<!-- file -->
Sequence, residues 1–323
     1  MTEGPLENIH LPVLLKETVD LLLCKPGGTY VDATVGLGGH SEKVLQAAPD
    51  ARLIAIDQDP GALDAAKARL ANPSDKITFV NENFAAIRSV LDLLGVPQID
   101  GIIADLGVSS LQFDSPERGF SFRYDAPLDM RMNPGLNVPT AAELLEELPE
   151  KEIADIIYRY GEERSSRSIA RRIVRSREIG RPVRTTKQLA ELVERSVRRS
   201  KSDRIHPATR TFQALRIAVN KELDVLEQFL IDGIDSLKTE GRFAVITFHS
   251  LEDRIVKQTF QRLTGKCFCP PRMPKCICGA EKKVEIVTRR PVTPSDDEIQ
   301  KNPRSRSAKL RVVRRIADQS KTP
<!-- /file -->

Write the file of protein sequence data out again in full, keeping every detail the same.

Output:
Sequence, residues 1–323
     1  MTEGPLENIH LPVLLKETVD LLLCKPGGTY VDATVGLGGH SEKVLQAAPD
    51  ARLIAIDQDP GALDAAKARL ANPSDKITFV NENFAAIRSV LDLLGVPQID
   101  GIIADLGVSS LQFDSPERGF SFRYDAPLDM RMNPGLNVPT AAELLEELPE
   151  KEIADIIYRY GEERSSRSIA RRIVRSREIG RPVRTTKQLA ELVERSVRRS
   201  KSDRIHPATR TFQALRIAVN KELDVLEQFL IDGIDSLKTE GRFAVITFHS
   251  LEDRIVKQTF QRLTGKCFCP PRMPKCICGA EKKVEIVTRR PVTPSDDEIQ
   301  KNPRSRSAKL RVVRRIADQS KTP